Purifying the vessels at Catholic mass

In Paul Turner's Blog by Paul Turner

Q:  I have been researching different rites of the church during the liturgy as described in the GIRM. I am interested in the purification of vessels after the distribution of communion currently. In the GIRM, it mentions that certain duties may be performed by a “duly instituted acolyte” as needed. However, I find very little information in GIRM or online as to what the heck this is. I’m also trying to make sense in my mind as to who is allowed to purify the vessels. At my old parish in a different Diocese, I seem to recall that on occasion they had Extraordinary Ministers purifying the vessels; I could be mistaken, it was years ago. I was under the impression that only an ordained person could handle the vessels once the communion rite was completed. Any info you have is appreciated. I’m not asking for any specific reason; just to satisfy my own liturgical-nerdiness!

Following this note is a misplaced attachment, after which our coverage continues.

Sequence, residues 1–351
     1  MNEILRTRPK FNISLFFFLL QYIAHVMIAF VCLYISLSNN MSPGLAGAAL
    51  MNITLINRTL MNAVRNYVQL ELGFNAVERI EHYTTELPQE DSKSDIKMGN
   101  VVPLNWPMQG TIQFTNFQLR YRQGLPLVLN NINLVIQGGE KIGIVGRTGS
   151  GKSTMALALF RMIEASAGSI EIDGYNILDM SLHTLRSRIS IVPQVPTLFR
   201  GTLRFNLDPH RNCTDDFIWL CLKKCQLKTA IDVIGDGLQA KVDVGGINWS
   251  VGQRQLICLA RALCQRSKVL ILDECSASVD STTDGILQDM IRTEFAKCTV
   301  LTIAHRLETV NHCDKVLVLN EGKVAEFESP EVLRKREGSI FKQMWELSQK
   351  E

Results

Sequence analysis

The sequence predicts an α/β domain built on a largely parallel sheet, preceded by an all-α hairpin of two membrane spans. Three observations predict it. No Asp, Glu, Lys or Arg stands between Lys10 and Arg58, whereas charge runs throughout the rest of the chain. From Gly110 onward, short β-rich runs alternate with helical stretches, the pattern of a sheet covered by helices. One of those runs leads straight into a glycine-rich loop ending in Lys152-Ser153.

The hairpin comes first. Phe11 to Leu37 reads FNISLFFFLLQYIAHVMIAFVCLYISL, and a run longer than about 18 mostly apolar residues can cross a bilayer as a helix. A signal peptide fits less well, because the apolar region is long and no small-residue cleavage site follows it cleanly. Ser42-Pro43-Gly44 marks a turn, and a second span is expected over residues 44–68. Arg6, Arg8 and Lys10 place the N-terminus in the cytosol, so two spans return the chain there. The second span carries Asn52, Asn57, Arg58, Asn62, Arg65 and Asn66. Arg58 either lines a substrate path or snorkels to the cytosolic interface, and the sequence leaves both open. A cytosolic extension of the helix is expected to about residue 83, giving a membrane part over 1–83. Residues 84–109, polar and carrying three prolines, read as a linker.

A:  An instituted acolyte is a male Catholic over whom a bishop prays to install him in this ministerial office. See Ministeria quædam http://www.ewtn.com/library/papaldoc/p6minors.htm. Every candidate for the diaconate and priesthood goes through this step. It is not limited to them, but because it is limited to males, there are few dioceses where instituted acolytes serve.

The rules for purifying vessels in the United States were revised in 2002 http://www.usccb.org/prayer-and-worship/the-mass/norms-for-holy-communion-under-both-kinds/. Extraordinary ministers of holy communion are not supposed to purify vessels at mass. I don’t know of any other country where this is in force, but it does reflect the mind of the Congregation for Divine Worship and the Discipline of the Sacraments.